Indeed, that overworked word “Paradise” is entirely appropriate in describing these two lovely resorts and the pristine natural location in which I recently found myself grazing on delightfully fresh, healthy cuisine and sipping a particularly enlivening coconut juice.
Paradise Resort was opened in this fabulous spot in 2004 and became an immediate hit with discerning guests who appreciated quietude and natural splendour blended seamlessly with the epitome of service and style. Just this year, its sister resort TreeHouse Villas progressively opened with a marvellous selection of 32 Tree House, Hillside and Beachfront villas, each with its own pool and each uniquely designed by Phuket-based Australian creative guru John Underwood.
Talking recently with John, he explained that his intention was for each villa to sit harmoniously within the embrace of the surrounding natural environment, rather than imposing upon the environment as so many resorts do. John’s unique structures most certainly achieve this admiral goal, providing a romantic escape to the throngs of honeymoon and “loved up” couples who so readily flock to this idyll.
Marc Landgraf himself has a unique perspective upon the development of the Andaman region, having spent much of his stellar career working in hospitality in Thailand and the Andaman managing such iconic properties as the Outrigger Resort on Koh Samui; the Outrigger Phuket Laguna Beach Resort and Villas; and the Outrigger Phi Phi Island Resort and Spa, not to mention stints in Brussels, the Dominican Republic, Luxembourg and France after graduating in International Hospitality Management from Lausanne in 1994.
We luxuriated in the wonderful supper before us, in this unrivalled setting as Marc spoke about the concept of escape from the stresses of today’s world. “We can almost see the sense of relief and relaxation that our guests go through when they arrive here by our transfer boat and start to embrace the reality of this magical natural environment. They stop their obsessive scoping of their iPhones and become much slower and more relaxed in their movements. Sadly, Phuket island itself still harbours most of the stresses of the big cities from which many of our guests have come.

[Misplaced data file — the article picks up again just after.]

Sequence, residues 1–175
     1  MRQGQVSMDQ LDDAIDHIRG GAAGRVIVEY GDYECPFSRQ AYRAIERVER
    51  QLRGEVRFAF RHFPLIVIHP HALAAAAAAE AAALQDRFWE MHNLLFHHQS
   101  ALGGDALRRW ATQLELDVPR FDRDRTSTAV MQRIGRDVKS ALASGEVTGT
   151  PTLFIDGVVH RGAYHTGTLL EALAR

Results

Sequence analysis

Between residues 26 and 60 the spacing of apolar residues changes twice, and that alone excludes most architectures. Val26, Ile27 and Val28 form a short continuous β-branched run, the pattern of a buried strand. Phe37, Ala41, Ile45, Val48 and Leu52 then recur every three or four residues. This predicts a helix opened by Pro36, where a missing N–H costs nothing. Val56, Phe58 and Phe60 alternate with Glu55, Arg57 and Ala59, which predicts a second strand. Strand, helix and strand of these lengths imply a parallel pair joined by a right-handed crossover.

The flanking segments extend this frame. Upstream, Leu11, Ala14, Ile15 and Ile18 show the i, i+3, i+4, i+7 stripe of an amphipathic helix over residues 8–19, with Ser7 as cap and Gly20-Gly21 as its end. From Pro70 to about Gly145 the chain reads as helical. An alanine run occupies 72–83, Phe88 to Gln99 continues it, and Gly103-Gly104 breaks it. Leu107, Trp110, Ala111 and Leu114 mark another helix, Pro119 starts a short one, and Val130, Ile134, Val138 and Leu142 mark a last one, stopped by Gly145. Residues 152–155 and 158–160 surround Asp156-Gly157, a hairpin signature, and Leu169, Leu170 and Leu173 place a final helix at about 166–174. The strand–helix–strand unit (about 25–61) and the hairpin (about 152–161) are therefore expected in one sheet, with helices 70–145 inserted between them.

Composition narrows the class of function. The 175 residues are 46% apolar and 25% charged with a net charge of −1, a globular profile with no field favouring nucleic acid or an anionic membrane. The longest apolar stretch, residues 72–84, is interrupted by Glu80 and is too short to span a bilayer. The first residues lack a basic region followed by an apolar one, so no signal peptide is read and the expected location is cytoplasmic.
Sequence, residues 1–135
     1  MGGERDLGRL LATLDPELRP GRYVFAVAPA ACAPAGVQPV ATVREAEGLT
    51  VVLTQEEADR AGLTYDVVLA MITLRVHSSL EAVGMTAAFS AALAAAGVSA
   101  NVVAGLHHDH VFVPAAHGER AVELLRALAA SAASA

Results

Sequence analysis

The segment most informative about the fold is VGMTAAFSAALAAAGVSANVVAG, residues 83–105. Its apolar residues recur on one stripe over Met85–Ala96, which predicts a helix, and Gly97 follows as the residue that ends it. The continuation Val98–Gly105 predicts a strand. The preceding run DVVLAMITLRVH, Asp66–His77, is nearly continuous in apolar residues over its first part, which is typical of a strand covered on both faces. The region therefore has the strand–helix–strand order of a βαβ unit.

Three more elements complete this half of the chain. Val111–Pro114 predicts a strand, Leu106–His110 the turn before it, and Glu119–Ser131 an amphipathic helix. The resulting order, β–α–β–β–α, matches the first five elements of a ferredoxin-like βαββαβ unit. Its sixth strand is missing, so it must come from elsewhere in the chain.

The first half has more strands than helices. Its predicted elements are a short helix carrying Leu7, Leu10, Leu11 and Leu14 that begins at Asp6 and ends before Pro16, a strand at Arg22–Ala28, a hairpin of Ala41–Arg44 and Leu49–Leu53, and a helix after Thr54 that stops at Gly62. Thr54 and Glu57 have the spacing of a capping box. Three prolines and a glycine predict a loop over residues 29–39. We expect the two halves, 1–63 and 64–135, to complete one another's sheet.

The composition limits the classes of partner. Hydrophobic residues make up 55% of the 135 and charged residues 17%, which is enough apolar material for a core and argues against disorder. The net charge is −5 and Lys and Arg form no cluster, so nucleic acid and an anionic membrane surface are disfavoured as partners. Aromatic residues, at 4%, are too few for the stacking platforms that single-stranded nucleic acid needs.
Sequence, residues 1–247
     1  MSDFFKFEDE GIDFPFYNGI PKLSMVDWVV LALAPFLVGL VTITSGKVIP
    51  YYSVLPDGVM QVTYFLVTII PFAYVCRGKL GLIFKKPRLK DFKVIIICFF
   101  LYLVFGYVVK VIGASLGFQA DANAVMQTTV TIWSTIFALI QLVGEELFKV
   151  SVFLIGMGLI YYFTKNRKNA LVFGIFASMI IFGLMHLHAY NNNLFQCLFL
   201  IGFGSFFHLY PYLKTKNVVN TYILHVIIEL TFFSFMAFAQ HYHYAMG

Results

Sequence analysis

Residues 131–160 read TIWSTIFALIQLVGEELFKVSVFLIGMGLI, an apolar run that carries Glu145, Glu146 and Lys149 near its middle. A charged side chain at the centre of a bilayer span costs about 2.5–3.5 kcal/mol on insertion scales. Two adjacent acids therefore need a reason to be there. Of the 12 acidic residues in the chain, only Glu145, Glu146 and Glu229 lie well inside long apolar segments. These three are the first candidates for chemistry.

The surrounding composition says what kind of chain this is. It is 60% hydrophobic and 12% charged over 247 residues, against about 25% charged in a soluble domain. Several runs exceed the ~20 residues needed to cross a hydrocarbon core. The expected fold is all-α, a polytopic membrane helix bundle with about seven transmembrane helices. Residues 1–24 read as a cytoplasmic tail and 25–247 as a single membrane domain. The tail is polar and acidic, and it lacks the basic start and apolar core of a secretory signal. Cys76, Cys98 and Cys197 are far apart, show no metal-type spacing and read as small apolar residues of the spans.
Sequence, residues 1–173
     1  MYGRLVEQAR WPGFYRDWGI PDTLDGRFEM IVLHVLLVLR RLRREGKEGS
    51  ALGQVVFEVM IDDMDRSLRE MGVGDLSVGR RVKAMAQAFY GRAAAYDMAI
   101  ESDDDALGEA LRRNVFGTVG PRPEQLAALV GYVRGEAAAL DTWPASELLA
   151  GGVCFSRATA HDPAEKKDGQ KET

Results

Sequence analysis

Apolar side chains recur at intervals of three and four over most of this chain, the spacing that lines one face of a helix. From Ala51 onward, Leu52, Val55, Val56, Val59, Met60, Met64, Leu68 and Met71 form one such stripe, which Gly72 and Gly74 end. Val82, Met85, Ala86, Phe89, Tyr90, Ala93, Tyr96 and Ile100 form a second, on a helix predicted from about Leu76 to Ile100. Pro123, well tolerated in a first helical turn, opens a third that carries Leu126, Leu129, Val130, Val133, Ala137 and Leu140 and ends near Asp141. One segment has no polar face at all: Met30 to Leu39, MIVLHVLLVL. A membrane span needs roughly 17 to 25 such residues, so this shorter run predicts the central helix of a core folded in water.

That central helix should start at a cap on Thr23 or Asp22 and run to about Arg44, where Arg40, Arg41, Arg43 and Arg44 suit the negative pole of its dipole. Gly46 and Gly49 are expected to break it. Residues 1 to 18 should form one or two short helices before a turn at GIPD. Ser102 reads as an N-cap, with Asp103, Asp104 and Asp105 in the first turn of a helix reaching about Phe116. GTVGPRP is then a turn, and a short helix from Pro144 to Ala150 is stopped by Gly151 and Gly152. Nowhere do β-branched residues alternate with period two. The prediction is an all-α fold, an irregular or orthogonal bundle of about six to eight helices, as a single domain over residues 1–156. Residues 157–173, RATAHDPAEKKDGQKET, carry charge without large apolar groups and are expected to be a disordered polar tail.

Phuket has appalling traffic and road manners, plus pollution and crowds, so it’s only when they disembark into our “Paradise” that they truly start to feel they are escaping from all that and becoming “one with nature”. Marc himself feels much of this schizoid existence as he commutes back and forth to Phuket where his wife lives and his daughter goes to school. “I feel myself changing up a couple of gears when our transfer launch comes back into the Yacht Haven. I have to crank myself up to face the traffic and stress of driving in Phuket. So many of our guests these days arrive for weekend escapes from Bangkok, or by private boat, all looking to re-charge in our slice of natural perfection prior to returning to the grind of their daily lives. It’s a sad commentary on today’s lifestyles.”
I asked Marc about the changes in tourist profiles that the last few years gave brought to the Andaman region. “We hear a lot about the way in which the raw numbers of arrivals, flights and hotel rooms keep on growing, but such simplistic numerical accounting misses the ways in which low-yield group tourism is impacting the market, bringing with it enormous environmental and structural costs.
Certainly, room rates and yield are being driven relentlessly down, while raw numbers of in-bound visitors rise. Some of the results are the traffic chaos, overloaded landfill sites, water shortages and stressed local populace and rising crime that now abound on Phuket island itself. We are really privileged to be out here, removed from all that looking back at it from, well, a slice of Paradise.”
Charmingly, as a guest, one receives a printed paper into your Tree House each evening titled “A Brief Overview of Tomorrow” telling you about the lovely events and experiences awaiting you during your next day in “Paradise”.
I noted that I could do a sunrise beachside yoga class, or a enjoy massage and spa treatment prior to a lovely drawn-out beachside breakfast. I could take a bus tour into a local village and market, learning more about the quiet pace of life here on Koh Yao Noi.
I could go diving, or kayaking through the limestone karsts, or hopping around the island by bicycle and boat. The forecast daytime high temperature was scheduled to be 31ºC all week and an almost full Gibbous moon would be waxing that very night. Somehow it was all so reassuring that slices of “Paradise” like this really do exist so close to the madness of our main island, and we are blessed indeed to have them.
“Bicycling” Baz Daniel fell off his first bicycle aged three... a case of love at first slight. Since then he has spent a further 65 years falling on and off bicycles all over the world, but his passion endures. When not in traction, he found time to become Senior VP of the world’s largest advertising and communications group, finally retiring to Phuket in 2006. He has been penning his Blazing Saddles column, chronicling his cycling adventures in Phuket and beyond, since 2013.